“What are you thinking, Letitia, dear? Do you miss your children?” Nona asked her as she elegantly cut up the fish in her plate.
She smiled sadly and nodded her head non-committedly, she didn’t want to lie, but nor did she want to get into a discussion. Nona, despite her seventy-five years, quickly caught on to such messages. She loved conversation, but she also knew how to maintain a delicate silence, without making you feel awkward. It was as if Signora Silvia were not her daughter; she was of a politeness that was now obtuse, now domineering. She was convinced she was entitled to reproach you for anything at all, especially if she gilded the reproach with good manners, because that was something in any case covered by the monthly wage. Signor Renato was even stranger, preferring to convey his imperative demands to her via the Signora, even if Laura was present and could hear him. Only when he had no other choice did he address her directly, with the exaggerated politeness of a comic actor. In any case, they were punctual when it came to the money, they paid her well and they never talked to her in a nasty way, and, from what she had heard from the other Romanians she had met, that meant she had the best possible conditions.

If it hadn’t been for Nona and her tact, it would have been a lot harder for her; maybe she would even have gone back to Romania... She spent the greater part of the day with her, because the couple left the house at seven, a quarter past seven, in the morning and she came back around six, he later in the evening. Nona, the television and the telephone were her world of communication. With Nona she had improved her Italian. That was because Nona explained to her patiently and with finesse the things that she couldn’t find in the dictionary or which she didn’t have time to look up. At first, she had been slightly intimidated by the elegant old lady. She had felt that she would not be capable of catering to her whims, because she seemed to her a capricious creature, not outgoing, but embittered by her handicap. A dotty old bag who took delight in niggling her, who was dying of boredom and hated young, healthy people. It was hard for her to understand why the old woman carefully, coquettishly selected the clothes and accessories she was going to wear each day, carefully weighing them up, when most of the time she didn’t go out of the house. During the first few days she was could not understand why, at lunch, although only the two of them were eating, she had to set the table with all the trimmings, like in an expensive restaurant. She did not even know all the customs and little details; it was Nona who taught her them. When she wanted her hair washed, she went to the salon or called the hairdresser to her home. Little by little, she understood that it was her way of living and, perhaps, her way of fighting old age.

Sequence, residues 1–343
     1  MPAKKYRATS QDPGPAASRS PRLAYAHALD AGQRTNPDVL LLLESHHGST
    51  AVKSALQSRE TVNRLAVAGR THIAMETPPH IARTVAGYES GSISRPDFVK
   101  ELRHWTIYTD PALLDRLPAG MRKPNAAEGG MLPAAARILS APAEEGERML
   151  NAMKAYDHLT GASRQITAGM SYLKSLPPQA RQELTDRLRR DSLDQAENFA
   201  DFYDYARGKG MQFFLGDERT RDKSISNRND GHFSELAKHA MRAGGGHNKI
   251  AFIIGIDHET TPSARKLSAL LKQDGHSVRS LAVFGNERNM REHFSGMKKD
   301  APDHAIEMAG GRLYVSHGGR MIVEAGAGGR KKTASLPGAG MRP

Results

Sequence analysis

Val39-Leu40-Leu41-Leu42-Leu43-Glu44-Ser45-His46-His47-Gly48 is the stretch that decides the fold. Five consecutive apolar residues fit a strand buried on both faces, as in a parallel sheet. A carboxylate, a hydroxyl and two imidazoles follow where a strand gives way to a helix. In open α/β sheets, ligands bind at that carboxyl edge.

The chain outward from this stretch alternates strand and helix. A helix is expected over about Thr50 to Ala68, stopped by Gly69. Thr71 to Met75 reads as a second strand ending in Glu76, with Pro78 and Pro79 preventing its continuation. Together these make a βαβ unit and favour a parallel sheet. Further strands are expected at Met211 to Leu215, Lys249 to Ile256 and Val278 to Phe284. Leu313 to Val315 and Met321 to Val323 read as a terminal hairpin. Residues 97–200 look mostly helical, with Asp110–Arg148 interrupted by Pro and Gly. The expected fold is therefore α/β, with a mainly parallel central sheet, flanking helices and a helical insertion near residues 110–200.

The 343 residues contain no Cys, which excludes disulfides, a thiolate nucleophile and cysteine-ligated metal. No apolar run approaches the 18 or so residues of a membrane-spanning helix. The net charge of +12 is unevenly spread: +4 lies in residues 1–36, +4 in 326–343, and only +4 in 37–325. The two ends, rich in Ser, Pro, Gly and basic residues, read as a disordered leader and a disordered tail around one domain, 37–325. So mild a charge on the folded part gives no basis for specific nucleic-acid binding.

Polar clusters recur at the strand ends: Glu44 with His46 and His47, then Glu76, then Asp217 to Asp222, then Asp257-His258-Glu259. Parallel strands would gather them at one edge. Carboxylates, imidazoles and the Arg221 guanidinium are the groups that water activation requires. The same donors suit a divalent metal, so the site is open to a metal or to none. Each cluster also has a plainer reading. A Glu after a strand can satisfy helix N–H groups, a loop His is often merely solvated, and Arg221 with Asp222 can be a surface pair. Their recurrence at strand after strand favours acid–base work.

But the scene that brought them even closer together took place in the living room one morning.
Nona was reading in her wheelchair by the window, in a grey light from outside, and she was vacuuming. The television was on, as usual.